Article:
Addressing the US-India Business Council comprising 300 top US companies doing business with India here Tuesday, he promised to replace bureaucratic red tape with a red carpet.
The role of the government should be that of a facilitator, Modi said wrapping up his five day trip to the US all through which he has made a strong pitch for investment in India with a promise of extensive use of technology better infrastructure and labour reforms.
He invited US business leaders to come to India and join the "Make in India" campaign saying it's a win-win situation as India is moving ahead with great speed.
Since coming to office four months ago, Modi said his government had cleared a record number of foreign investments though admittedly it had not been possible to make a great many changes in such a short span.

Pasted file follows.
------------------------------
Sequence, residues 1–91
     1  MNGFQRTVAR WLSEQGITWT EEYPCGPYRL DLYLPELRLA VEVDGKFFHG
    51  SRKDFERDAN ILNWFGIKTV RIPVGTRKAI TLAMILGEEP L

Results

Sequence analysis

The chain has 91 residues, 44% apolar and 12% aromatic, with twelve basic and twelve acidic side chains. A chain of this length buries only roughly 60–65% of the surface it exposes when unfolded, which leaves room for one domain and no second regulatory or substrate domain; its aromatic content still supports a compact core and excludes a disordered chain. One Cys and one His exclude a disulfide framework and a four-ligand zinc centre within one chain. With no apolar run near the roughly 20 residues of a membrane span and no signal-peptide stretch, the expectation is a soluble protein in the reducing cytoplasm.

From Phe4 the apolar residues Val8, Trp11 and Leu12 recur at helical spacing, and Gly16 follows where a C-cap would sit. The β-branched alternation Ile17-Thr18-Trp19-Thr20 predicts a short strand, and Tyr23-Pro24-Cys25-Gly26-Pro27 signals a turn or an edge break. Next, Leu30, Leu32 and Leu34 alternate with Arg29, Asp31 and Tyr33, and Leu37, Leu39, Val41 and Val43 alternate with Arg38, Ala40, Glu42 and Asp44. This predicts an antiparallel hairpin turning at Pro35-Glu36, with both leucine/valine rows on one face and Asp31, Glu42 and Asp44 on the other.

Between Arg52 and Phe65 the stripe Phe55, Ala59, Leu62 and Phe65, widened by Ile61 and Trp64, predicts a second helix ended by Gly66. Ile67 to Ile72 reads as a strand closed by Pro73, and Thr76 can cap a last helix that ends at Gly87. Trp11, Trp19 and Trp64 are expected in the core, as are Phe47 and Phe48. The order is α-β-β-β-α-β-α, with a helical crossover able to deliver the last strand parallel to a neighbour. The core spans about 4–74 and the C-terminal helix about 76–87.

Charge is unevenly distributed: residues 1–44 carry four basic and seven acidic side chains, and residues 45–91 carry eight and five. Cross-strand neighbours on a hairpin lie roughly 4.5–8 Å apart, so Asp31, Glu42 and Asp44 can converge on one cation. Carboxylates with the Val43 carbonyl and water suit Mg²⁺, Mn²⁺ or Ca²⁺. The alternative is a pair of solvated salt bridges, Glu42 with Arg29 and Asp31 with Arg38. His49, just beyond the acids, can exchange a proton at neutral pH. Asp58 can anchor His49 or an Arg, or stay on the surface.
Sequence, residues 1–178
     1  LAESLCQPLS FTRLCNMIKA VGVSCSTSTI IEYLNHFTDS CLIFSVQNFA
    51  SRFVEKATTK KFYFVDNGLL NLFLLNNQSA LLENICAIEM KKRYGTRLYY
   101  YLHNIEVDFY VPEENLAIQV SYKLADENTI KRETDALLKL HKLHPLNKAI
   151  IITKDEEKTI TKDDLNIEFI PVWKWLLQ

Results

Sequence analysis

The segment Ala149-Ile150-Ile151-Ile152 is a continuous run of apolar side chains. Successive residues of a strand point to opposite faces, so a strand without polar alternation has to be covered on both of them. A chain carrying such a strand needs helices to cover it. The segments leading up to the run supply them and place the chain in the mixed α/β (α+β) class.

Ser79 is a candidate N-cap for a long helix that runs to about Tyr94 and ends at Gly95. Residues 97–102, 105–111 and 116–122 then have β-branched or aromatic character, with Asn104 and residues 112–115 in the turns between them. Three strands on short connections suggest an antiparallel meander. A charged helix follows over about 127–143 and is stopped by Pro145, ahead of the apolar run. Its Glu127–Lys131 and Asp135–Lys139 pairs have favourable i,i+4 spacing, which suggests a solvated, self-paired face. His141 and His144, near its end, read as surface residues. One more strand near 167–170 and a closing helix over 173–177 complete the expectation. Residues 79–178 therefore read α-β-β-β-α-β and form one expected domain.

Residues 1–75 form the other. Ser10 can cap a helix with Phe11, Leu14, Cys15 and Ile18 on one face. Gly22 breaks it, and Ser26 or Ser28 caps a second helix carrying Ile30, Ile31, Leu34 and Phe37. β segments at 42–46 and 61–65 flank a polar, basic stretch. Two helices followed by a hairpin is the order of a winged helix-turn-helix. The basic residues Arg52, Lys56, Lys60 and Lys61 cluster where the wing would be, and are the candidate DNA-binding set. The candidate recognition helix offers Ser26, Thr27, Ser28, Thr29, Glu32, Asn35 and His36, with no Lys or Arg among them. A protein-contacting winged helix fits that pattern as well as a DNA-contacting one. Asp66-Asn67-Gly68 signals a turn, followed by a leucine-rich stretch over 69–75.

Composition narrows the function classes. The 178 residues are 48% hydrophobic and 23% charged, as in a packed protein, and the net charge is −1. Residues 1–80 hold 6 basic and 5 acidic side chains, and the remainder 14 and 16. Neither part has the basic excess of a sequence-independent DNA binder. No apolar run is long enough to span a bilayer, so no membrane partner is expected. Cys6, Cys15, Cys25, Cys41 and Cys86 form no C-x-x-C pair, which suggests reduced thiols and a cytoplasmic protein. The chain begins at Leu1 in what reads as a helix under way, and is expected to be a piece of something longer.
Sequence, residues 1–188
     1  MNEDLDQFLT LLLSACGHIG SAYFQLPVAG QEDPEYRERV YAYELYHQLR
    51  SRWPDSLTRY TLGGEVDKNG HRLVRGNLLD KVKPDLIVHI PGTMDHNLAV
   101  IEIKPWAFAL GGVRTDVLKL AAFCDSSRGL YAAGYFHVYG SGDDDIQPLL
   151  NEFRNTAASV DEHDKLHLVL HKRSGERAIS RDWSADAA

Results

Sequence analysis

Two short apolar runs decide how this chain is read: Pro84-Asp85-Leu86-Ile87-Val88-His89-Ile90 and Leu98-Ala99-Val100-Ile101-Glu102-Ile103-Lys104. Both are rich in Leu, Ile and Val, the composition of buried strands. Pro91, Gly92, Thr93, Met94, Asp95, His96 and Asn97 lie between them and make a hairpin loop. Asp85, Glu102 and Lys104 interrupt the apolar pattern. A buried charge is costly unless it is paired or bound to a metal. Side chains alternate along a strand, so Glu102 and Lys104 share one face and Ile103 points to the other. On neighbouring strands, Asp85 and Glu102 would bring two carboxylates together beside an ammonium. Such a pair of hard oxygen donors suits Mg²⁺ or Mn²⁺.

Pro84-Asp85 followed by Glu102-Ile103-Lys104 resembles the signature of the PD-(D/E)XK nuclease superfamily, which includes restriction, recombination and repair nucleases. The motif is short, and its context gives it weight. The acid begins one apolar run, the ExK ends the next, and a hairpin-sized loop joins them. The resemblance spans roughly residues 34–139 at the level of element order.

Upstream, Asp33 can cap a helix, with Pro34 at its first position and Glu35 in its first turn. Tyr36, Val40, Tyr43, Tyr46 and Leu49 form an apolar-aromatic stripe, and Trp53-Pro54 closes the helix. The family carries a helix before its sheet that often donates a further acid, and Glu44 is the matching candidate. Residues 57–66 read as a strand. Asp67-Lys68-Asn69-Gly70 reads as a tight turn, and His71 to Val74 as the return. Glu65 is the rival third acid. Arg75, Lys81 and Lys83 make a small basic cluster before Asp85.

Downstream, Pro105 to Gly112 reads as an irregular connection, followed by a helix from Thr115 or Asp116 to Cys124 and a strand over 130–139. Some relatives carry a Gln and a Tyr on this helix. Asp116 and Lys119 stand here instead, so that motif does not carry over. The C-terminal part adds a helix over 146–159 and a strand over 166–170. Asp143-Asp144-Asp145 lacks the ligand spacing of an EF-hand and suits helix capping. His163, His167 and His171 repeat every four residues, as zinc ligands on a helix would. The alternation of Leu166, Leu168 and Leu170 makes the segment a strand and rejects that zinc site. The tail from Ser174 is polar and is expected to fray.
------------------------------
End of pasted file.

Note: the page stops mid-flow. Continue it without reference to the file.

Before coming to Washington Monday, Modi had breakfast meetings in New York with 11 CEOs, including those of Google, Citigroup and Pepsico.
It was followed by one-on-one meetings with six other CEOs of companies like Boeing, IBM, GE and Goldman Sachs.
There too he had made the same pitch: India is open-minded and wants change. "We want change, but a change that is not one sided" and he is discussing with citizens, industrialists and investors how to go about it.
USIBC's Indian-American chairman Ajay Banga, who is also the CEO of MasterCard, expressing confidence that India-US trade can grow five fold from the current $100 billion in five years said: "The best days of US-India relations are coming."
US Chamber of Commerce president Tom Donohue also welcomed Modi's commitment to replace "the red tape with the red carpet" and the government's commitment to labour and tax reforms.